While researchers caution that watching too much TV (more than 3.5 hours a day) can be detrimental to patients with dementia, TV time is still important for these seniors.
You just need to be careful about what they are watching, make it easier for them to find what they want to watch and make sure they are not stuck in front of the TV all day long.
Benefits of Watching TV for Dementia Patients
1. It reduces loneliness
The elderly are the loneliest age group in the UK, with more than two million seniors living alone.
Watching TV won’t completely prevent loneliness but it can greatly reduce it. Watching news and other events on TV can provide a sense of belonging and connect them to the world.
2. It’s entertaining
Seniors need entertainment too and TV is one of the best sources of entertainment. It is also one of the easiest and cheapest to access.
Watching TV shows, movies, interviews and documentaries fill gaps between other activities.
You just need to make sure that it doesn’t turn into all-day binge watching.
It’s also important that you help them find the right content to watch. Some content can be scary, confusing or annoying. I’ll explain this further shortly.
3. It can become a social activity
If you are worried that watching TV alone for hours will worsen their loneliness, why not get a friend or neighbour to watch with them.
Seniors can bond well over a movie or documentary. If it is a daily TV show or soap, it can become an opportunity to socialize with someone regularly.
Choosing the Right Content
Seniors have just as much right as anyone else to watch whatever they wish, be it a horror movie or an action flick.
But for seniors with dementia, you have to take a bit of control.
Certain types of content can be problematic. Movies with loud noises or shouting can be jarring. News depicting war in a faraway region can make them think it is nearby, causing fright.
Drama shows with complicated plot lines can be hard to follow, making watching TV frustrating.
In some cases, dementia patients can find the difference between fiction and reality confusing.
So you have to be careful about what they watch.
Find out what they love watching and make it easy to access. You can set specific channels as favourites and configure the TV such that these are the only channels they can access.
Another option is to buy DVDs made specifically for seniors with dementia. These provide relaxing content such as nature shows and music.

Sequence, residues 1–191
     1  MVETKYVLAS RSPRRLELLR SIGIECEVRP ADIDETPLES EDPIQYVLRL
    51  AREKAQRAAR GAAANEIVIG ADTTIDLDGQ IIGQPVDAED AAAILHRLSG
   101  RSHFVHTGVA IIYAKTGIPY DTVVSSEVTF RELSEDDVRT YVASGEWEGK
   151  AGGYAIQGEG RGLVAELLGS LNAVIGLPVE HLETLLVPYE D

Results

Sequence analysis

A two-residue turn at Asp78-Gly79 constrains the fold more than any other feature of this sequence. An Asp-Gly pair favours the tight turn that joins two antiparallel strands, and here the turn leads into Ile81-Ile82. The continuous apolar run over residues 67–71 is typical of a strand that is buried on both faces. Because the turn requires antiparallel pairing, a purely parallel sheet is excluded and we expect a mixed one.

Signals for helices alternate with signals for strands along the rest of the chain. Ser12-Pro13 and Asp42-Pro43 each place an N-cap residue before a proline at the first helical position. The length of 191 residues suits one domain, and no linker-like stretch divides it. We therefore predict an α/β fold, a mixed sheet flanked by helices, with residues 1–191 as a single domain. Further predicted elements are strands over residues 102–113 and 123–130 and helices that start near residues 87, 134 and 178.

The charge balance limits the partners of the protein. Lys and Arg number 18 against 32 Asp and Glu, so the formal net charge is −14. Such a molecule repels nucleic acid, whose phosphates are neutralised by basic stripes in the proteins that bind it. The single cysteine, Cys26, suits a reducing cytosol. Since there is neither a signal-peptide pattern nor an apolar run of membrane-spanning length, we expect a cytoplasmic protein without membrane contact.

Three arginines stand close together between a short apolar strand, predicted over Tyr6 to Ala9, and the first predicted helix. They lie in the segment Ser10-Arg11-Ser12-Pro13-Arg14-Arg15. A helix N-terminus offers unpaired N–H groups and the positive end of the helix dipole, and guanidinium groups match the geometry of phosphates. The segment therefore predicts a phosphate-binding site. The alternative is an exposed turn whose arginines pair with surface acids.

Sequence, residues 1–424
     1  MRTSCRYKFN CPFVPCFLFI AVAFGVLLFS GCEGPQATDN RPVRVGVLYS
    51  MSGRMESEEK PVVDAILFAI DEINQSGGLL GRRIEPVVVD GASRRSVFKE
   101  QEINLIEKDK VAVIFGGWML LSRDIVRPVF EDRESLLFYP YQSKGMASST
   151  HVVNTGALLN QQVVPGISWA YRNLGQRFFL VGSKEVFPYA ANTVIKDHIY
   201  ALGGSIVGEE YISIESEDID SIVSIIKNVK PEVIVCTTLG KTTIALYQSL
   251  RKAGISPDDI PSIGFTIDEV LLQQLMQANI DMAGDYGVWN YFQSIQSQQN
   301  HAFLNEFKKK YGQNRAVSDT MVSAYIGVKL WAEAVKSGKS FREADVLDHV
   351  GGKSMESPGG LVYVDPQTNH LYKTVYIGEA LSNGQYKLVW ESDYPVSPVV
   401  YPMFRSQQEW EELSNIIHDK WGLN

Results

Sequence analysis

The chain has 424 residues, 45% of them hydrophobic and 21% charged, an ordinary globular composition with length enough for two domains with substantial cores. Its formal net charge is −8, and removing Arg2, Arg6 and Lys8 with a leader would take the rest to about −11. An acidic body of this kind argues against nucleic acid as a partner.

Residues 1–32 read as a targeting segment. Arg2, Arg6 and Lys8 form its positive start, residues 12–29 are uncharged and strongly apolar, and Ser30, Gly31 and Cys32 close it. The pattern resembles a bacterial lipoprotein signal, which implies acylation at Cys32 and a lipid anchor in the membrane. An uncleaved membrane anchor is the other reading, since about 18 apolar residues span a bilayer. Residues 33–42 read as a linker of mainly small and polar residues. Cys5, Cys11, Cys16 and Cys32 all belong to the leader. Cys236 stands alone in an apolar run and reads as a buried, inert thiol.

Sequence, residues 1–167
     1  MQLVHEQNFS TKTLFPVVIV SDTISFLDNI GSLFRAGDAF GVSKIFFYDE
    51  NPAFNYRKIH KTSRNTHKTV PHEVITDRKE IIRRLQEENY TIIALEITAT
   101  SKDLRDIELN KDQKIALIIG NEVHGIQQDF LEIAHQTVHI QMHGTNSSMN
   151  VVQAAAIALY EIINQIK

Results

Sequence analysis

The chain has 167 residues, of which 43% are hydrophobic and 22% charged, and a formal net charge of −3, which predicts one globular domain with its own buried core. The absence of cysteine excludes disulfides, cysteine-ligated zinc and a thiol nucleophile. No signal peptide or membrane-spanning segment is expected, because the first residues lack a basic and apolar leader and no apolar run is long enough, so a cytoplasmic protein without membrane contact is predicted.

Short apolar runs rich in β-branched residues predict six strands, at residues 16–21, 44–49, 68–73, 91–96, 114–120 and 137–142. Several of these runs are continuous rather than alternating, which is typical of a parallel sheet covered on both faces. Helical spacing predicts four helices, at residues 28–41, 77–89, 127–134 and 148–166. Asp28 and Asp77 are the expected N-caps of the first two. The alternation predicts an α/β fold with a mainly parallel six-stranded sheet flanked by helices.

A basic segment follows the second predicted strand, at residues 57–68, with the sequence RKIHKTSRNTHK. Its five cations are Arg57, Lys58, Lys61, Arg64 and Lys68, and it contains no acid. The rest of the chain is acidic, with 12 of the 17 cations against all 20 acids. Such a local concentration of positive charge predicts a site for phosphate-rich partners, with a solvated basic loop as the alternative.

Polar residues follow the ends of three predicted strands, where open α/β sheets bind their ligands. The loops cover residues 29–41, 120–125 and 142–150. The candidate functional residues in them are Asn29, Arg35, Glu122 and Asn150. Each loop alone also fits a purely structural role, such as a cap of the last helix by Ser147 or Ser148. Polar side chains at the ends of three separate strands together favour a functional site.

With these you don’t have to worry that they will stumble into an unpleasant channel.
Alternatively, put on senior-friendly Netflix shows. Netflix has a wide selection of comedies, dramas and documentaries that older people will love.
Get a Universal Remote Control
You may not think much about it but the remote control can seriously affect their TV experience.
Most TVs come with long remote controls full of tiny buttons that are hard to see and operate.
Switch to a universal remote control designed specifically for seniors. You just need to copy functions from the old remote control to the new one and it’s ready to use.
With most universal remote controls, you can control multiple devices like the TV, stereo and set top box with one remote control. This eliminates the need for having separate remote controls for different devices.
Limit TV Time
There are several reasons why binge-watching TV for hours is bad for dementia patients, and all seniors as well.
- It is bad for their fitness. Sitting on a chair all day can lead to weaker muscles, oedema and worsening mobility. It also increases the risk for heart disease and other health problems. Make sure they get some active time whether it’s walking, yoga or any other safe exercise.
- It can worsen memory loss and dementia. New research shows that watching TV for more than 3.5 hours a day can lead to or accelerate dementia.
- It can worsen loneliness and isolation. A couple of hours of TV time is entertaining and can help reduce isolation. But 4 or 5 hours can starve one of opportunities to go out and socialise.
The most important thing is to balance TV time with other activities.